So Lamb finds ample evidence, not only that the climate has been warmer than now in the recent past, but, significantly, that temperature changes over a periods of decades and centuries have been sharp and significant.

These sudden and short term changes do not appear on Hayhoe’s smoothed graph, which, of course, has the actual temperature record grafted on the end. There is no evidence that temperature trends in the last century or so have not been repeated, in both directions, several times over the course of the last few millennia.

 

 

Sources

HH Lamb – “Climate, History and the Modern World”  

pp 139-146

8 Comments
  1. November 10, 2014 6:48 pm

    these Katherines are the people who donot even understand the very basics of chemistry. Any (good) chemist knows that there are giga tons and giga tons of bi-carbonates dissolved in the oceans and that (any type of) warming would cause it to be released:

    HCO3- + heat => CO2 (g) + OH-.

    This is the actual reason we are alive today. Cause and effect, get it? There is a causal relationship. More warming naturally causes more CO2. It is not the other way around, as Al Gore alleges in his movie (where he also goes up the his step ladder). . Without warmth and carbon dioxide there would be nothing, really. To make that what we dearly want, i.e. more crops, more trees, lawns and animals and people, nature uses water and carbon dioxide and warmth, mostly. Our God is great and worked out the exact time in space and time when we would need this CO2 most……The fact that humanity adds a bit of carbon dioxide to the atmosphere is purely co-incidental, and appears to be beneficial, if you want to have a green world.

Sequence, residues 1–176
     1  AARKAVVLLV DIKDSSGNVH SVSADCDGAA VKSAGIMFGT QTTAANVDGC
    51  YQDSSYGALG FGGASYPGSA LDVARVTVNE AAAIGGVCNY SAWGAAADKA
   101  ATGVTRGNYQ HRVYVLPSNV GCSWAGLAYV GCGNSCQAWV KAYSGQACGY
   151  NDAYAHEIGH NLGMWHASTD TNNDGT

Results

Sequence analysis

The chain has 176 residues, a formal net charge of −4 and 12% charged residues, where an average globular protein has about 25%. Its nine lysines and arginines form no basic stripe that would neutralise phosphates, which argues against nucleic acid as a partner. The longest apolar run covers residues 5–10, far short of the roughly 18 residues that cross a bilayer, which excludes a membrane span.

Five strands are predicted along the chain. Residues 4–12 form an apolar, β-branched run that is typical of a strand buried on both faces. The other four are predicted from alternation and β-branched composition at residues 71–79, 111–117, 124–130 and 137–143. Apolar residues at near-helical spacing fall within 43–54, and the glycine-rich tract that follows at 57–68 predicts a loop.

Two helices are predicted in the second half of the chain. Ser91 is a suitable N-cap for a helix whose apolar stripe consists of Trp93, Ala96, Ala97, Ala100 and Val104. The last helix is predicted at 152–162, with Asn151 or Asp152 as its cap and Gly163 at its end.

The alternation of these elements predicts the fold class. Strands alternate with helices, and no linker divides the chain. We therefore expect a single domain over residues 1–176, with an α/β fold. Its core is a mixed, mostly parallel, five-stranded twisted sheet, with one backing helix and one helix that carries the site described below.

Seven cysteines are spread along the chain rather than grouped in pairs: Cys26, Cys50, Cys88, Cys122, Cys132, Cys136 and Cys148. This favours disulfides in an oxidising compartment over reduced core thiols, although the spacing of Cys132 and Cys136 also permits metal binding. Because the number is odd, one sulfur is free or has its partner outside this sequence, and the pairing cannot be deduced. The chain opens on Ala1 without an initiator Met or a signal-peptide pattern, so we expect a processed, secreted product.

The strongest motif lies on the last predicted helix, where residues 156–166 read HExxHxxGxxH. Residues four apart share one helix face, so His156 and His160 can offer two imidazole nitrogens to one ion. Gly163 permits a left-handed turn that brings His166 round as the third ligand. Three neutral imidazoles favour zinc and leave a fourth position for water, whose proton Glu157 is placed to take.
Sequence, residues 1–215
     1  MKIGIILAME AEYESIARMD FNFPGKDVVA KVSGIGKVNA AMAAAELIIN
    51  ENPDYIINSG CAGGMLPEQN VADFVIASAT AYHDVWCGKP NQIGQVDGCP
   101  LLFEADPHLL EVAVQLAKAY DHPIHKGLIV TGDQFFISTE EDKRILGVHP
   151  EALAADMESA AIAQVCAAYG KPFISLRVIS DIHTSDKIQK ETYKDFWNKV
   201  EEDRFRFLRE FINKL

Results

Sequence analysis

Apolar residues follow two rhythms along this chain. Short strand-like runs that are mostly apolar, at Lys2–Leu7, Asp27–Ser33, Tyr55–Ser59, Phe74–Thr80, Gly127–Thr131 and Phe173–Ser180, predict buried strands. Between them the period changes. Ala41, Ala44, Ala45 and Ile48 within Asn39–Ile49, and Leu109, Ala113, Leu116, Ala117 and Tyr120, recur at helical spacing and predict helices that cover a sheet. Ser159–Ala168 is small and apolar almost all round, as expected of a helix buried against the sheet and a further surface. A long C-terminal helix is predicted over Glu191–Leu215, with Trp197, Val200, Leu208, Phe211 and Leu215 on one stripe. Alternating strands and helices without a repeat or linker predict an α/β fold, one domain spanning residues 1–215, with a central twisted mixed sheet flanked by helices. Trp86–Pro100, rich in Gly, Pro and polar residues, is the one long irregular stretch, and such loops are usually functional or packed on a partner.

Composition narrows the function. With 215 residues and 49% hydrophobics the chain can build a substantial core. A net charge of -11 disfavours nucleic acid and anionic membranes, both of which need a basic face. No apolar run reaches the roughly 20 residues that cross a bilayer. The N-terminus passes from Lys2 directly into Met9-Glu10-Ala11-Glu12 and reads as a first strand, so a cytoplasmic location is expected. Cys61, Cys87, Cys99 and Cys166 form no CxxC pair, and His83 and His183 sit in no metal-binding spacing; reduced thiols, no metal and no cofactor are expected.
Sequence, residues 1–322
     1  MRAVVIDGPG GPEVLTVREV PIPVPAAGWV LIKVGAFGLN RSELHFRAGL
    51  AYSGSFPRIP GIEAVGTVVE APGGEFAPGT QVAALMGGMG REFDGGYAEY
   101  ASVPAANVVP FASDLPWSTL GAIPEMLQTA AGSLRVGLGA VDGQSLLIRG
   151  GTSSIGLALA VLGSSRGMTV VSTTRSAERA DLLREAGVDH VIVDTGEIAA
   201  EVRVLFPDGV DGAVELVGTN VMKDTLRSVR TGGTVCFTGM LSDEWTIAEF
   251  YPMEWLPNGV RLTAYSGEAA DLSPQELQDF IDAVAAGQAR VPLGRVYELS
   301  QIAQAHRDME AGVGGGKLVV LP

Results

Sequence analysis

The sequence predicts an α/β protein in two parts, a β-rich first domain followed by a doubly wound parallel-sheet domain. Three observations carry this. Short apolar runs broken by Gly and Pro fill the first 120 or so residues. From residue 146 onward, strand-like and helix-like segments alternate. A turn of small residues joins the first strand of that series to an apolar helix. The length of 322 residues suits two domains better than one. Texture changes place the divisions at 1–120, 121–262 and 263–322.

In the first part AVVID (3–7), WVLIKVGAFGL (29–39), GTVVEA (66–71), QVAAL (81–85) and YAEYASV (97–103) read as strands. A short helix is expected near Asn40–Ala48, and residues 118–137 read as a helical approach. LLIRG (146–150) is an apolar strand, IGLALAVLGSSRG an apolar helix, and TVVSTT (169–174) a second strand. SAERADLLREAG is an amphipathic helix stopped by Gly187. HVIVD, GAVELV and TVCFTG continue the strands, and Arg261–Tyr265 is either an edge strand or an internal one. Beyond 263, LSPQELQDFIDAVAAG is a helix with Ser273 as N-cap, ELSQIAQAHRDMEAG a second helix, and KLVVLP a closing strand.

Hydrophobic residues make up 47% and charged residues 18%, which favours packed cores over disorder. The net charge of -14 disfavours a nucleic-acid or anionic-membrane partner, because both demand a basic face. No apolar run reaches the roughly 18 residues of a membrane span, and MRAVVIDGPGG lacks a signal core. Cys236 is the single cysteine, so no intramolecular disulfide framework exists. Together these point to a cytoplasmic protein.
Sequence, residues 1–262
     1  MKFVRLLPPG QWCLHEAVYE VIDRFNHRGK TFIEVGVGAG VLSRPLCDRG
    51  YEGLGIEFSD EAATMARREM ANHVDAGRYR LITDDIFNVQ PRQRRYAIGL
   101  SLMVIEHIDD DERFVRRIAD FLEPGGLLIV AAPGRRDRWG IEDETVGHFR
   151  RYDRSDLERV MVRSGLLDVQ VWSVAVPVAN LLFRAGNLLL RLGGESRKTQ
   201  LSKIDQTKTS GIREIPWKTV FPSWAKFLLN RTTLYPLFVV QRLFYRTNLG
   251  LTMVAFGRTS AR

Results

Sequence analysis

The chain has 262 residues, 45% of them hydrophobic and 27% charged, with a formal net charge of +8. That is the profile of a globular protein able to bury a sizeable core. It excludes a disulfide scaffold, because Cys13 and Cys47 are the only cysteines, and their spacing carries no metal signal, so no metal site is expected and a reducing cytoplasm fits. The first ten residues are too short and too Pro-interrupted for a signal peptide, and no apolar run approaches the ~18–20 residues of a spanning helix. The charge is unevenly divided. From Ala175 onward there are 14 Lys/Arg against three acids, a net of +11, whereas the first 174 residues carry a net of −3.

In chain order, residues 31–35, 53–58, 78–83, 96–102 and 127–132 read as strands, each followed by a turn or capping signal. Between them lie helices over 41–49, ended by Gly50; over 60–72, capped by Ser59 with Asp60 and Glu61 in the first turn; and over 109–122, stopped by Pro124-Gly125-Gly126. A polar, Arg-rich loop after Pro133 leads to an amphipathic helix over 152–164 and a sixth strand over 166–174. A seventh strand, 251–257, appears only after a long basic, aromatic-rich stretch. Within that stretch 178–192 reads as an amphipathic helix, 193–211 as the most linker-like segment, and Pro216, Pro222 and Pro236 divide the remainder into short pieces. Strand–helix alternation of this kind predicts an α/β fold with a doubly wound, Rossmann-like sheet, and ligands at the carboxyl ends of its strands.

btw

    have not heard from Al Gore for a while.
    He probably made enough money with his CO2 nonsense movie?

    • Keith Willshaw permalink
      November 10, 2014 10:08 pm

      More likely the 20% of the $500 million dollars in oil money that he got from the sale of his ‘environmental’ channel Current TV to Al Jazeera which is of course funded by the Emir of Qatar.

      This is the same Al Gore who’s supporters claim that his critics are funded by big oil.

  2. Mikky permalink
    November 10, 2014 10:00 pm

    So nice to see the maintenance of the Fahrenheit scale, even if just for propaganda purposes in this instance.

  3. Streetcred permalink
    November 10, 2014 10:19 pm

    Katherine’s ‘Moses moment’ has been going on for too long … mental illness ?

  4. Mikky permalink
    November 10, 2014 10:23 pm

    Paul, have you ever looked at the seasonal profile of rises in annual mean temperatures? Looking at some Australian data (Deniliquin) I’ve just noticed that all the recent rise in annual maximum temperatures is coming from autumn and winter months. Headlines like “Hottest year EVAH, we’re all going to fry” might have to be countered with “Hottest year EVAH, thanks entirely to warmer winters”.

    • November 10, 2014 10:47 pm

      Last time I looked for the UK, it seemed to be Spring, which seems like a pretty good thing.

  5. November 10, 2014 11:52 pm

    Thanks, Paul.
    The Bishop will not like it, but the graph is hockey stick. It’s not dead!

    • November 11, 2014 9:17 am

      But as Mikky at 10:00 notices – the scale is Fahrenheit, to exaggerate the visual impression.